Metal shavings - do they normally exist inside an engine?

JAG

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5,320
Location
Fredericksburg, VA
I've used a magnet inside the oil filter in my 1.8T for most of its life (at 56k miles now) except during break-in. Every oil change, I clean off the metal particles which are about same size as the diameter of a hair (a few microns likely). Under a microscope they look like shiny metal spheres. I've never found anything bigger than that which I'd call a "shaving" (which I'd define as a highly visible chunk of metal. I agree that if shavings are coming off the engine, something is wrong. I doubt shavings are being produced during break-in in a healthy engine, but expect that the micronic sized particles I've seen later are more prevalent at this time.
 

Kestas

Staff member
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13,942
Location
The Motor City
Any high-volume product with acres of machined surfaces will have contaminants. Some people obsess too much over this. I work for the bearing industry and part of my job is to find and identify contaminants. You would expect a bearing to be exceptionally clean with no contaminants..... that is not the case! If a production bearing has contaminants, what do you think an engine has? As a side note, some products have an increased amount of contaminants than in the past. Some of this is the result of the cleaning agent 1,1,1-trichloroethylene being phased out of plants. Now things are being washed with soap and water, which is only dumped when absolutely necessary. Diameter of a hair is roughly 75 microns.
 
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1,027
Location
East Helena, Montana
Its my understanding that today's engines are so well cleaned at the factory before the vehicles are shipped that there's little or no manufacturing shavings, bits, or other residue left in them, unlike the old days. Now, on a rebuilt engine, it may well be different and one should expect such particles and use break-in oil and oil filter changes accordingly.
 

Kestas

Staff member
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13,942
Location
The Motor City
During production, bearing balls are usually rotated between two abrasive discs, with each subsequent disc a finer abrasive, until the final size and finish is reached.
 
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4,478
Location
Southern California
quote:
Originally posted by Bamaro: With so many aluminum blocks now, there should be very little metal to be attracted to a magnet.
Very astute observation, but apparently you're unaware of ferrous metal crankshafts, chrome-plated iron piston rings, ferrous metal cam lobes, and ferous metal cylinder sleeves? Chrome and iron are both strongly influenced by magnetic fields. My car has an engine built with an aluminum cylinder block and aluminum heads. My "Super-Plug" magnetic drain plug traps a small, but visible amount of metallic crud at each oil change, and it obviously isn't aluminum. Opinion only, but I suspect this crud consists of chrome and iron containing particulates which are too small to be trapped by the oil filter. Nevertheless, I'd still rather have them out of circulation to whatever extent is possible.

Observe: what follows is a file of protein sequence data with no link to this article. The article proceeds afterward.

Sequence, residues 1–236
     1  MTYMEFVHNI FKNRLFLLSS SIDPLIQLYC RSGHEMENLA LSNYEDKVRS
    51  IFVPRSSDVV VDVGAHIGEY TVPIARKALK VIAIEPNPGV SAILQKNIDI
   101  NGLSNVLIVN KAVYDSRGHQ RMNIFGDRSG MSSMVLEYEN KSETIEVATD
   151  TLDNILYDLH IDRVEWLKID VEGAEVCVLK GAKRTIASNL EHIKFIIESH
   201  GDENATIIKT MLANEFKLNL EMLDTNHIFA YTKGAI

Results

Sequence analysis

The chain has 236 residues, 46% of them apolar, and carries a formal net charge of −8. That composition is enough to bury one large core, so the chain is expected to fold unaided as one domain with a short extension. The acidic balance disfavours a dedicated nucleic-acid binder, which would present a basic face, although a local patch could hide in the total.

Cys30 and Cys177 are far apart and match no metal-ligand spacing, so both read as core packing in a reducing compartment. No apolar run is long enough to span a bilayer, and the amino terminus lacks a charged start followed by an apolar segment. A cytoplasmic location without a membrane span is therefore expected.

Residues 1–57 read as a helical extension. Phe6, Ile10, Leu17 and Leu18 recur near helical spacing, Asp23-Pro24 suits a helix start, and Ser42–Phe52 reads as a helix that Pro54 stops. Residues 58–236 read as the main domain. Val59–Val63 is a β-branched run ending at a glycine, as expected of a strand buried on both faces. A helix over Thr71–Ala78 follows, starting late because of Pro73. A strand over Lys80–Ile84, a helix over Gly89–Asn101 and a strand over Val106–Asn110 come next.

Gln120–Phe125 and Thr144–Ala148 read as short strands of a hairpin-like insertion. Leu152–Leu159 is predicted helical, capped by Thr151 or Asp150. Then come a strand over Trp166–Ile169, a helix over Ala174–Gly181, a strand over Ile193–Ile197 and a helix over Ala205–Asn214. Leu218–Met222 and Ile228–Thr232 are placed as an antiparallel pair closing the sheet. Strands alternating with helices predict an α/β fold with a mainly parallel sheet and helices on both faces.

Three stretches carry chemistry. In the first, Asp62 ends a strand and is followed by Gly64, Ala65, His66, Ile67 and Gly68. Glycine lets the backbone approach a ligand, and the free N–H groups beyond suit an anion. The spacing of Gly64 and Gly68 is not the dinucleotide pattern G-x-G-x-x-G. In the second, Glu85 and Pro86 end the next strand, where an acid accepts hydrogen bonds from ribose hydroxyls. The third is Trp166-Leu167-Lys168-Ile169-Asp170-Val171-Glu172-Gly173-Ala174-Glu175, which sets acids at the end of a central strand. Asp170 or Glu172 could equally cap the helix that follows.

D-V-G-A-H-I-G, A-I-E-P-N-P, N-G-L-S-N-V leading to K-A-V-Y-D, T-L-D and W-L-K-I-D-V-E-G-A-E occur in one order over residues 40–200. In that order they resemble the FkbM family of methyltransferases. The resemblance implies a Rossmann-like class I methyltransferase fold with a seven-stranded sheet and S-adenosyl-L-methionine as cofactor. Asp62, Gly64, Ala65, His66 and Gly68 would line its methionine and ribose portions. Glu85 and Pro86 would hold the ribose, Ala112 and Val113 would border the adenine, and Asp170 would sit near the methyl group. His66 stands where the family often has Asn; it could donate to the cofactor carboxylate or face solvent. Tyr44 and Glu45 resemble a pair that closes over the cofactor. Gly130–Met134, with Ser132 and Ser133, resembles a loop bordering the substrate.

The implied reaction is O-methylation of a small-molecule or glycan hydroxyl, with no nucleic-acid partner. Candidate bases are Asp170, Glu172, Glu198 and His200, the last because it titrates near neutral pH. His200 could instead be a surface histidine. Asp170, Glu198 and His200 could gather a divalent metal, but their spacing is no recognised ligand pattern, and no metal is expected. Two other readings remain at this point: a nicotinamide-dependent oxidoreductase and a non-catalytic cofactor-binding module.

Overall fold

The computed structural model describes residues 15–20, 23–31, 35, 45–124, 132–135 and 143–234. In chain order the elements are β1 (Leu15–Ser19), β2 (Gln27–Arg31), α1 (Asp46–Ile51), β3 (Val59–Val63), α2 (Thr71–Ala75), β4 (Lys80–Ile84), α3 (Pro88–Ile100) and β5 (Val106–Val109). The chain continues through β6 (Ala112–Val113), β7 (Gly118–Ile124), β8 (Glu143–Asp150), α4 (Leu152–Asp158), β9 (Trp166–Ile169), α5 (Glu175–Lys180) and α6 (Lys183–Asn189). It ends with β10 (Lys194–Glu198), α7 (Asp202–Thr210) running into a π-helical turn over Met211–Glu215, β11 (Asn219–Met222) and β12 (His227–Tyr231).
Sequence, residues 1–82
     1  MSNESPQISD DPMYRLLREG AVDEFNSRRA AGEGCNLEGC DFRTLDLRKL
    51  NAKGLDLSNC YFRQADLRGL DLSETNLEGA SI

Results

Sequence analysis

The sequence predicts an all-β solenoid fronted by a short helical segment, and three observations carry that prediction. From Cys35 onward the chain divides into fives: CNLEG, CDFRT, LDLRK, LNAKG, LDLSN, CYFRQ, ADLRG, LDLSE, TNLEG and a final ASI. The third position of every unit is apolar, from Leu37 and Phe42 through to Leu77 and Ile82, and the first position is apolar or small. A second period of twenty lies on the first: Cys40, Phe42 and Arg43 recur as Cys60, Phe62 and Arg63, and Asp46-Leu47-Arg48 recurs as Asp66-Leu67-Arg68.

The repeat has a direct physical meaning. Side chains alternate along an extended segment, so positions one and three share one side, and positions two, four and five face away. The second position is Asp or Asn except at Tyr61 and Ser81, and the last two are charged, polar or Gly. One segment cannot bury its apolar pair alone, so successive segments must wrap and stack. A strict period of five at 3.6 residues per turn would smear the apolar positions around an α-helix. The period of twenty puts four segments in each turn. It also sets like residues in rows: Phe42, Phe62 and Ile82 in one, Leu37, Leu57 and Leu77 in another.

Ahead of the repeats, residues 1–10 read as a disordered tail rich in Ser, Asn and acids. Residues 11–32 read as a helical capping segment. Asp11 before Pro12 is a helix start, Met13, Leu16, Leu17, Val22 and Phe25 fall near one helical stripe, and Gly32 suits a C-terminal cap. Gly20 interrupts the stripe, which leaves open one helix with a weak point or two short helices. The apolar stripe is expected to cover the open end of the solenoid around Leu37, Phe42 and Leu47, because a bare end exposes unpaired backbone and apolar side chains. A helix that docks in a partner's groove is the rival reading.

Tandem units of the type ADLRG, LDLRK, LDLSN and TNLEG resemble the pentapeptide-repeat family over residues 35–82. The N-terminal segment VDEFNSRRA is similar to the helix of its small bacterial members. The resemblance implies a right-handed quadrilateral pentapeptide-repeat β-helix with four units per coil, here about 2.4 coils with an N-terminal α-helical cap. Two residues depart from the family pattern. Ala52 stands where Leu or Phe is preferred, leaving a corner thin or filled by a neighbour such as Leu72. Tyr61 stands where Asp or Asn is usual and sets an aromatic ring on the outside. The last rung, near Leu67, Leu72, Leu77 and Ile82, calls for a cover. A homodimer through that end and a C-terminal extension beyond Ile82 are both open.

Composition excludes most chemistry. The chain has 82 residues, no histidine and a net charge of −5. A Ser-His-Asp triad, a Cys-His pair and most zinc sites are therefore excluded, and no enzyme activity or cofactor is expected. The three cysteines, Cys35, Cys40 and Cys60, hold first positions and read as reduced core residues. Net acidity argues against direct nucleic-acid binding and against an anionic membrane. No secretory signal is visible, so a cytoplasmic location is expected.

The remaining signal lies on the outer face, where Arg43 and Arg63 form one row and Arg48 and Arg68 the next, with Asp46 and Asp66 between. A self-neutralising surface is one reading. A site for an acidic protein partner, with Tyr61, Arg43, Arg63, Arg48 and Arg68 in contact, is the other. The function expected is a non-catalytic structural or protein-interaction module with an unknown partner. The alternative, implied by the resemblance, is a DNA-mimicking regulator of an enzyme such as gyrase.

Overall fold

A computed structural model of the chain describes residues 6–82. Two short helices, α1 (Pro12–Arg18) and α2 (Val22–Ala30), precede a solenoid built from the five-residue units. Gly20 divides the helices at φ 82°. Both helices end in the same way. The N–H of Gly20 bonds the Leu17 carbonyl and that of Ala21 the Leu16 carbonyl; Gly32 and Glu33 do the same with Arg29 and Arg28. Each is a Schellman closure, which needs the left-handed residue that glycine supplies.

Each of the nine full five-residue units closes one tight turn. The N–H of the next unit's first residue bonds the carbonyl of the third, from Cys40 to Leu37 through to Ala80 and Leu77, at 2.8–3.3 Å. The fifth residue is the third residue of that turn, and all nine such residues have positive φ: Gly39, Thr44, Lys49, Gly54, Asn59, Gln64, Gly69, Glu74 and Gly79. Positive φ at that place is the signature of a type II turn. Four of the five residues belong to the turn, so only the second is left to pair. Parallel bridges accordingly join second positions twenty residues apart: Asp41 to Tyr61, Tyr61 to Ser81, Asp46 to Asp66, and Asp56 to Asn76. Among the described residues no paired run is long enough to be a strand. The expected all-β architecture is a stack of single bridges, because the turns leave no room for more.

Messages
328
Location
San Diego, CA
Ray H, have you noticed any erosion of the magnet metal over time on your SuperPlug? Seems I remember that someone here reported that their magnetic drain plug suffered size losses over time...that can't be too good. Cheap insurance if you ask me!
 
Messages
5,069
Location
Saratoga, NY
Do an oil change on a new Briggs & Stratton or Tecumseh engine (without an oil filter) after it has run 3-5 hours. You'll see plenty of metal shavings from break-in. [Freak] --- Bror Jace
 
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40,604
Location
Great Lakes
The subject has been discussed in the past, while talking about magnetic drain plugs or magnets inside oil filters, presumably designed to trap metal shavings. But my question is, in a properly functioning engine, should there even be any such metal shavings, large enough that they would have to be trapped by a magnet? I mean, having any kind of visible metal shavings would lead me to believe, there is something seriously wrong with the engine. Do those shavings only occur during break-in? Are todays' modern engines really breaking in by producing sizeable shavings?
 
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7,775
Location
Oklahoma
The only time I've ever noticed metal shavings were on my '88 Justy. Dealer said that this was normal and just some of the residue left over from manufacturing process. Guess he was right because I never had any problems with it.
 
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1,967
Location
Kitsap, WA
Timing chain and gears seem to throw off a lot of metal. Converted one motor to a belt drive and the reduction in hair on the magnet was very noticable.
 
Messages
3,161
Location
North Arkansas
Do oil changes at my business. ANY magnetized drain plug is gonna have material stuck to it. Dont' believe it passes through filter. When it's washed into oil pan It's too heavy for oil flow to hold suspended (IMO). Bob
 
Messages
1,910
Location
Vista, CA
If you're chasing particles, the thing to worry about is the trend. If the amount stays the same over time, or worse, grows, then it's important to take note. If the amount decreases, over several oil changes, then don't worry.
 
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